A representative example is BSA-based hydrogel. At isoelectric pH, the BSA proteins are uncharged and assume their lowest volume. Once the pH value is changed, the protein chains become ionized because of deprotonation/protonation of the amino acid groups. The strong electrostatic repulsion between the BSA molecular chains leads to the swelling of the BSA structure. Sun’s group developed a successive on-chip 3D laser printing strategy to distribute BSA and SU-8, which act as muscles and skeletons in 3D musculoskeletal systems103. The internal network of both BSA and SU-8 can be programmed at the microscale and the elasticity of the muscle as well as the stiffness of the skeleton can be tuned for flexible actuation. On this basis, a pH-responsive spider microrobot was realized (Fig. 4a, b). In addition, a crab claw-muscle system and a smart microgripper were fabricated, which allows for pH-controlled capturing and releasing of microtargets. All of these musculoskeletal structures exhibit fast response, good durability, and robustness after long-time storage.

    Fig. 4  Multi-material 3D microarchitectures for applications as microactuators and microrobots.

    a Scheme of a structure composed of the protein BSA and an SU-8 skeleton. b Corresponding experimental data showing such “artificial muscle” [obtained from ref. 103]. c The stimulus responsiveness of LCE combined with a passive polymer (here IP-dip) allows for obtaining bending behavior, by which a walker can move [obtained from ref. 128]. d Related architecture including two differently oriented liquid-crystal elastomers plus passive IP-dip “nails”. Each stripe has a size of 20 × 200 × 20 μm3. This structure behaves as a reproducible gripper [obtained from ref. 127].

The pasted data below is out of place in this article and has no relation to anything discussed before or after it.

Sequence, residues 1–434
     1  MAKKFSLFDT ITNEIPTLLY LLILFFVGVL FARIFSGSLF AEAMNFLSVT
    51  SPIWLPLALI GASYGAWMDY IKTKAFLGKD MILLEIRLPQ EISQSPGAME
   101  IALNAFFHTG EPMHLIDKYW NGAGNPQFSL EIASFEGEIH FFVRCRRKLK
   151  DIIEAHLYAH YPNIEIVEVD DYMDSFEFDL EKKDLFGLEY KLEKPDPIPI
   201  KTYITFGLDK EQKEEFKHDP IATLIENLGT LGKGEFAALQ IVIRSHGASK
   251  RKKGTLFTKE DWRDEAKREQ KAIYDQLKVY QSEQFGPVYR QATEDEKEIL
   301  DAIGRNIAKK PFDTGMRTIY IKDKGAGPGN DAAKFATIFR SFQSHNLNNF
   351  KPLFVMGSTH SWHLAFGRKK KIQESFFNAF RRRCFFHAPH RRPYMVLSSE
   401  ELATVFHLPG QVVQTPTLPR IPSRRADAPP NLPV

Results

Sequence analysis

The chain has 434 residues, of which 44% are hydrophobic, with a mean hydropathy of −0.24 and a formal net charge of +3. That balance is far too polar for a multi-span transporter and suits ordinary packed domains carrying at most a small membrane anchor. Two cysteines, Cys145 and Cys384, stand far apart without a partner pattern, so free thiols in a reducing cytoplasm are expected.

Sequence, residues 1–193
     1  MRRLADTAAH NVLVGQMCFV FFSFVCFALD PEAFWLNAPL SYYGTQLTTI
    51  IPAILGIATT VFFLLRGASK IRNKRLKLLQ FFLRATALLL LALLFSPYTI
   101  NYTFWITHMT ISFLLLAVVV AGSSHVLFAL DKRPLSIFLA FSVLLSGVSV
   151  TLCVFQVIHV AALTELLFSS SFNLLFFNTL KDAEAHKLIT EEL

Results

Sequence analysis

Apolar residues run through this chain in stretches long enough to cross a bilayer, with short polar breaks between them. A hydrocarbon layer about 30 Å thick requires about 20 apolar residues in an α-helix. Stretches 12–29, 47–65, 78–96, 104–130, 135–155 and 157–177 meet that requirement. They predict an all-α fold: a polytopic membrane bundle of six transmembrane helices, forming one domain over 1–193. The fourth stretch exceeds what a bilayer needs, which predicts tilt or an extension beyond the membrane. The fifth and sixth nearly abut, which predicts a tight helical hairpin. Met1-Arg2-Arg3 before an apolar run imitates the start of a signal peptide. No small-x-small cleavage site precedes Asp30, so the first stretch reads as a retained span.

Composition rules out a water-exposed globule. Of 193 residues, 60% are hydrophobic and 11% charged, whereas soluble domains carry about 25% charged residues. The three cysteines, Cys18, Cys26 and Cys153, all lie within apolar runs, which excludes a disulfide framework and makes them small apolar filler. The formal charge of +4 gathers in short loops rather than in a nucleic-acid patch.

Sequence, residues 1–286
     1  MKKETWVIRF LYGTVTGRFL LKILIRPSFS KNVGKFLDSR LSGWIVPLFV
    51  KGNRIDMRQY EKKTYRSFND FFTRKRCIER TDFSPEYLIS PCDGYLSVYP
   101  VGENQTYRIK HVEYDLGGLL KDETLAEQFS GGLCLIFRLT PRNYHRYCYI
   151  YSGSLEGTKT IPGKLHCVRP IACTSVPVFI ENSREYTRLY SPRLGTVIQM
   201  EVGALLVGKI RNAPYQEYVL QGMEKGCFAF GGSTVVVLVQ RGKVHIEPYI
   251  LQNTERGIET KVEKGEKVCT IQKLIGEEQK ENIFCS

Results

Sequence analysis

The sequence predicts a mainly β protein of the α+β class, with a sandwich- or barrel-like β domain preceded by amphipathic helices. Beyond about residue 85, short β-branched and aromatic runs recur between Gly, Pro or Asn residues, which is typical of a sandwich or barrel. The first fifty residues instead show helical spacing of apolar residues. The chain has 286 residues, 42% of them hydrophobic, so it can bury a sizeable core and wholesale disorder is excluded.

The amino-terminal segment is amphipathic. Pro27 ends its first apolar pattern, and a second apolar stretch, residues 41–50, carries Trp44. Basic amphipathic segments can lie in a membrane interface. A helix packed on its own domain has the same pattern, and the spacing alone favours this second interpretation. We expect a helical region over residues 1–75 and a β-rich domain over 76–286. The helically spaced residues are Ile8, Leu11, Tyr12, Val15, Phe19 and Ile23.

Temperature is another important stimulus parameter. Poly(N-isopropylacrylamide) (pNIPAM) is a well-established polymer, exhibiting a substantial response to changes in temperature due to its lower critical solution temperature. Employing pNIPAM, Hippler et al. designed micrometer-scale rigid tubes with stimuli-responsive valves. The main body of the tubes was fabricated by PETA. A pNIPAM-based torus was written inside the tube as a valve. By changing the temperature between 45°C and 20°C, the cross section of the tube was changed by a factor of 2.5119. pNIPAM can also act as a supporting platform for the successive writing of IP-L photoresist. In this way, freely suspended microstructures of a second material like a skeleton can be inscribed into a temperature-responsive pNIPAM matrix120. Nishiyama et al. deposited Ag nanoparticles inside temperature-responsive pNIPAM microgels. By their plasmonic absorption resonance, the Ag nanoparticles efficiently convert light into heat, leading to reversible relative microgel volume changes as large as 86%121.